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One-in-three young Canadian couples keep completely separate bank accounts: RBC poll

Financial stability, parenthood and buying a new home listed as top priorities

TORONTO, March 18, 2010— One-third (34 per cent) of young Canadian couples between the ages of 18 to 35 keep completely separate bank accounts and financial products, with only 10 per cent holding all of their accounts and products jointly, according to a new RBC poll.

Feeling a sense of financial independence (51 per cent) was the main reason why young couples decided to keep completely separate bank accounts and products, with 31 per cent citing having different financial needs. Almost two-thirds (65 per cent) of young couples say that planning for a financially stable future is top of mind.

"Discussing financial plans that take into account long-term objectives and life events is essential to any relationship," said Patricia Domingo, Investment & Retirement planner, RBC. "Being on the same page and agreeing on financial priorities can help ease the transition to buying a dream home or starting a family."

The RBC poll found that half (50 per cent) of young Canadian couples say that preparing to have a child in the next five years is really important to them and 41 per cent hope to buy a home in the next five years.

The survey also indicated that nearly half of young Canadian couples (47 per cent) try to live within a set budget but don't always succeed and almost three-quarters (74 per cent) want to be more financially independent.

"Balancing saving and spending can be a challenge, especially when you start to merge your finances with your partner, and each couple should decide together what works for them," added Domingo. "Working with a qualified financial advisor can help couples better understand their financial needs, habits and goals."

RBC offers young couples the following advice to help build and maintain a healthy financial relationship and achieve their life goals:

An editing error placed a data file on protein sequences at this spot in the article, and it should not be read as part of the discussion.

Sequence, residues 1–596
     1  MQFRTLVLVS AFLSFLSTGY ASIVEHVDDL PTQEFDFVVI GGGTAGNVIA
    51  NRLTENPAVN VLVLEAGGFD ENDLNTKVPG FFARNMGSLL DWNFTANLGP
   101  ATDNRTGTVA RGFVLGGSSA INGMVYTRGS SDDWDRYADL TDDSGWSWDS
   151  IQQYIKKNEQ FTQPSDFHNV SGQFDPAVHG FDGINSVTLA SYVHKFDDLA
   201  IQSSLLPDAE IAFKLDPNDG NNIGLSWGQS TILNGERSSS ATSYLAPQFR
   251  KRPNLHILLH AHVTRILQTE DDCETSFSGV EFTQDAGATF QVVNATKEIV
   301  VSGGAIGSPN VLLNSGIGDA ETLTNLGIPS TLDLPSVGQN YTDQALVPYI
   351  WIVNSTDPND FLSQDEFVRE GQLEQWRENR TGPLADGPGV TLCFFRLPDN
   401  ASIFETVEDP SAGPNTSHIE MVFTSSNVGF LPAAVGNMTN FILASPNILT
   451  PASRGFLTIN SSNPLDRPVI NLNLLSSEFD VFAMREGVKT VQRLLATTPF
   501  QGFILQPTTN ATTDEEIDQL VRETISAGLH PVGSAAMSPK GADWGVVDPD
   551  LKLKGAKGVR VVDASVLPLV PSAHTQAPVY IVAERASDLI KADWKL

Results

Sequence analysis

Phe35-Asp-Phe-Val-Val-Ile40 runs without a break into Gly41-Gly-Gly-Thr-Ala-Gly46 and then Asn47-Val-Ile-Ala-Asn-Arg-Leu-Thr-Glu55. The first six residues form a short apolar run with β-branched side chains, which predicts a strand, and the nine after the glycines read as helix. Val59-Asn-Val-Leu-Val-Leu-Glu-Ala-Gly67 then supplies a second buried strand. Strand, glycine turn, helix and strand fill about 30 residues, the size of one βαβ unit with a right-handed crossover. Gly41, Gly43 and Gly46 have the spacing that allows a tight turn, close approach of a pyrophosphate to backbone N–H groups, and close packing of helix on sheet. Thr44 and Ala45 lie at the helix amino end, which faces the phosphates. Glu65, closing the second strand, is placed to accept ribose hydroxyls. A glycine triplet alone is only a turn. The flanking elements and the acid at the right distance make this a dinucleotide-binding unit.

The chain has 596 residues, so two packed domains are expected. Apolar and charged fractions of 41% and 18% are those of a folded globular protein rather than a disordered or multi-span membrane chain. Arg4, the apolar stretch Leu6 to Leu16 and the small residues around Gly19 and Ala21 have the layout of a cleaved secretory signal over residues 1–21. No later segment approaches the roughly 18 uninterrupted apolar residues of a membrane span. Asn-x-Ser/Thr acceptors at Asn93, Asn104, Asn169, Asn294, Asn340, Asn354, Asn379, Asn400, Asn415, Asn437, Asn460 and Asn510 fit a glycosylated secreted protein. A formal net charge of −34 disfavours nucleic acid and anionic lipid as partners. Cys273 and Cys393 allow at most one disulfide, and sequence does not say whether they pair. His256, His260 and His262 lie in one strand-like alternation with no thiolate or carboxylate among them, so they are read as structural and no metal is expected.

1) Talk openly with your partner - Discuss your spending and saving habits as well as your values and attitudes surrounding money matters. Be honest about any past mistakes, like defaulting on a student loan or outstanding debts, which may affect both of your finances.

2) Decide on key issues - It's important to decide on key issues such as who pays for which expenses? Who's in charge of paying bills and reconciling bank accounts? What are your financial goals as a couple? What does spending and saving mean to each of you?

3) Review your financial arrangements as a couple - Sit down together and review all of your accounts, plans and investments and simplify as much as possible. Whether you use a joint account or manage separate accounts, keeping a banking account for day-to-day expenses can help make paying bills and tracking spending easier. Working through your financial goals and arrangements together will give you confidence that you are managing your money wisely.

For more information about creating a financial future and advice on banking needs as a couple, download a personalized Guide to Everyday Finance, visit www.rbc.com/couplesandfamilies.

The RBC Poll was conducted by DECODE between November 13 and December 06, 2009. This survey of 1,736 young Canadians, aged 18 to 35 that are living together, was conducted online, with respondents recruited from an online panel. DECODE is a boutique consulting firm that helps its clients decode and engage young people through better insight and innovation.

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Media contacts:
Jill Quinn, RBC, (416) 313-8121
Cyndi Maisonneuve, RBC, (416) 974-1757


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03/18/2010 08:43:17